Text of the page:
These new short sellers, in turn, buy more out-of-the-money call options to hedge against a further rise in the share price. In addition, more and more speculators became active, betting on a further rapid rise in the share price and accordingly buying call options that were also way out of the money. Their hope was that these options, which could be purchased cheaply, would ultimately be listed in the money and could be sold again giving them an incredible return.
Ironically, this very behavior forces market makers to buy more and more shares for the effective hedging of their short positions. In turn, this causes the stock price to continue to rise. When the stock price finally approaches the strike price of the options, the market makers are forced to buy significantly more shares again to hedge the gamma accordingly. This subsequently leads to the gamma squeeze.
Tesla gamma squeeze
Another example of a gamma squeeze is Tesla. The stock reached more than $1,200. This makes the company worth more than a trillion dollars. Making it larger than the 14 largest automakers in the world combined.
Tesla’s market cap is a product of speculators, and a gamma squeeze. Operationally, the company’s market share of the auto industry is still incredibly small. The total number of vehicle deliveries is still not even comparable with other legacy automakers.
What drove Tesla’s share price?
First of all, it is clear that many investors are clearly buying the stock after the positive news, namely the order from Hertz. There are also some market participants trying to profit with call options. But there is probably another, and arguably more important reason for the explosion in Tesla stock: and that is the gamma squeeze.
The sharply rising price forces those who had speculated on falling prices by shorting the stock to cover their short position. Those who had speculated on falling prices now have to buy back the (previously sold) share. In order to limit their losses. The volume of call options on Tesla stock during that week was also unprecedented.
In the week that led up to the increase to its all-time high, the volume of Tesla call options traded was a staggering amount. Especially when compared with the major options traded during the same period. The number of call options traded also contributed to the rapid rise of the stock price, creating a gamma squeeze.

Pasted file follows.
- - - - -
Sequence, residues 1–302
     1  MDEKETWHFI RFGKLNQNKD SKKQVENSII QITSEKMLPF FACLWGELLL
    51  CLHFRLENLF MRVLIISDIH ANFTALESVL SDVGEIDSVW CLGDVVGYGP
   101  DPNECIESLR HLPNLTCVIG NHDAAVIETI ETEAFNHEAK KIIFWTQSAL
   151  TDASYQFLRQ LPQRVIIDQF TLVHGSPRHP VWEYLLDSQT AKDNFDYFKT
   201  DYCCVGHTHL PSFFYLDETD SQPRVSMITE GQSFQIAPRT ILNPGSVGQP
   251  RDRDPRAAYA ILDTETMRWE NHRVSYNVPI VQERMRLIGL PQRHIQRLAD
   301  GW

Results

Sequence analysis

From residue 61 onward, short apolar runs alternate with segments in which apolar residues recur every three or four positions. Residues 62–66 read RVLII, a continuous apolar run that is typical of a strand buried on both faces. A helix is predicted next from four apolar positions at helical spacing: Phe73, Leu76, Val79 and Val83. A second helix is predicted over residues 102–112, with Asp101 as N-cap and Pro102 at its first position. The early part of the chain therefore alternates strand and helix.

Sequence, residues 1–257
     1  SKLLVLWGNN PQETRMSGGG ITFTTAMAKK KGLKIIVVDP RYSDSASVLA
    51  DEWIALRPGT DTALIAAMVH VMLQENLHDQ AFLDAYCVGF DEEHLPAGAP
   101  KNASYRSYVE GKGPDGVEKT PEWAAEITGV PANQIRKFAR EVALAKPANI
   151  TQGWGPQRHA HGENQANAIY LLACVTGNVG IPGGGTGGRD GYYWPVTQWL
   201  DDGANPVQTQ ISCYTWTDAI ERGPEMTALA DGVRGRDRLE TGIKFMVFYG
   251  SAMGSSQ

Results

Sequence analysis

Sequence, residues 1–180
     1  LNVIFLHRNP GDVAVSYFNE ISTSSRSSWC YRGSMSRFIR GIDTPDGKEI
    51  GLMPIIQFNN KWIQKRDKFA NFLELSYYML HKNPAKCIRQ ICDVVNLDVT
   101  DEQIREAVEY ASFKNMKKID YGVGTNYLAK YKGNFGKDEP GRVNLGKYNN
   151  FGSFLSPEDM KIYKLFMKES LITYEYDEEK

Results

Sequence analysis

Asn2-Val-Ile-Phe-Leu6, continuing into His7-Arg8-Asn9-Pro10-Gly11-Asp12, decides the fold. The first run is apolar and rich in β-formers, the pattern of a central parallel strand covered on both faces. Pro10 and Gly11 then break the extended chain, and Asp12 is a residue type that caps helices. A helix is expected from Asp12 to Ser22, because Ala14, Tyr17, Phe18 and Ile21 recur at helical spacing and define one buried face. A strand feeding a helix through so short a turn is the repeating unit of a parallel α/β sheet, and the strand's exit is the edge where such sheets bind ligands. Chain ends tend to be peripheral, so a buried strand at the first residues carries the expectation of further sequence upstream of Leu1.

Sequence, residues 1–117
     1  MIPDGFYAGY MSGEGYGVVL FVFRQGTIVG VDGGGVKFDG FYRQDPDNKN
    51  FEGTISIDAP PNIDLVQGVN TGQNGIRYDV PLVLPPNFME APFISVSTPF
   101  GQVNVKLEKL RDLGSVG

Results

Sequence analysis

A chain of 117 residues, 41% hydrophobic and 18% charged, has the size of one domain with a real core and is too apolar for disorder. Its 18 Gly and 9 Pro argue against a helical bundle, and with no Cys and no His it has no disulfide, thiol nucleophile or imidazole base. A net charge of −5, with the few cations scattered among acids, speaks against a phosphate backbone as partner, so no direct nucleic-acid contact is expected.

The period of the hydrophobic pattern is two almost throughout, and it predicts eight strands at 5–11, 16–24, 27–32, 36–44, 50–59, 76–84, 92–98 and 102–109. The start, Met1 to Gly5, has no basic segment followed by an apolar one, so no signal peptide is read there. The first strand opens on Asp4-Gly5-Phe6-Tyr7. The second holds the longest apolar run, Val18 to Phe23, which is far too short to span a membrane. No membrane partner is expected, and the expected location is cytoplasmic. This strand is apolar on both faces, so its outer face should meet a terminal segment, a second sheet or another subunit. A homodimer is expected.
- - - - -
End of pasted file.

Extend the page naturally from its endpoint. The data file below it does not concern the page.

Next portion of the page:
How to trade a gamma squeeze?
To trade gamma squeezes, you must have a high-risk tolerance. Because of the complexity of each situation, gamma squeezes are never the same. Some show up with very sharp spikes and price changes, while others subside over weeks.
The most important key to trading a gamma squeeze is timing. Because of the speed at which a gamma squeeze unfolds, a trader who cannot recognize and act on the situation quickly enough will suffer losses. The extreme volatility is also difficult to manage for some traders.
There are two factors of a gamma squeeze that you should look out for:
- High short interest: For a squeeze to occur, traders need to get stuck. The most common type of trader to get stuck in a persistent short trader. Short squeezes may also be followed by a gamma squeeze.
- Options activity: options are another important component of a gamma squeeze. Paying attention to volumes of options traded, and the direction of the market can give traders and investors edges into possible gamma squeezes forming.
Be cautious with gamma squeeze
As a final note, it is worth mentioning that a gamma squeeze should be viewed with extreme caution. Due to the extreme volatility, and unpredictability associated with it, it’s sometimes difficult to trade. In addition to buying pressure, a gamma squeeze can also create strong selling pressure. Since gamma is derived from delta, gamma has the steepest slope at the option strike price. Thus, if the stock price moves too far away from the strike price (regardless of the direction), the gamma reduces and, correspondingly, the pressure to hedge also reduces.
This in turn usually leads to the reversal of the previous effect. An initial buying pressure thus quickly converts to selling pressure. Regardless of what the driver for any reversal is, a gamma squeeze is a temporary phenomenon.
Image source: Bloomberg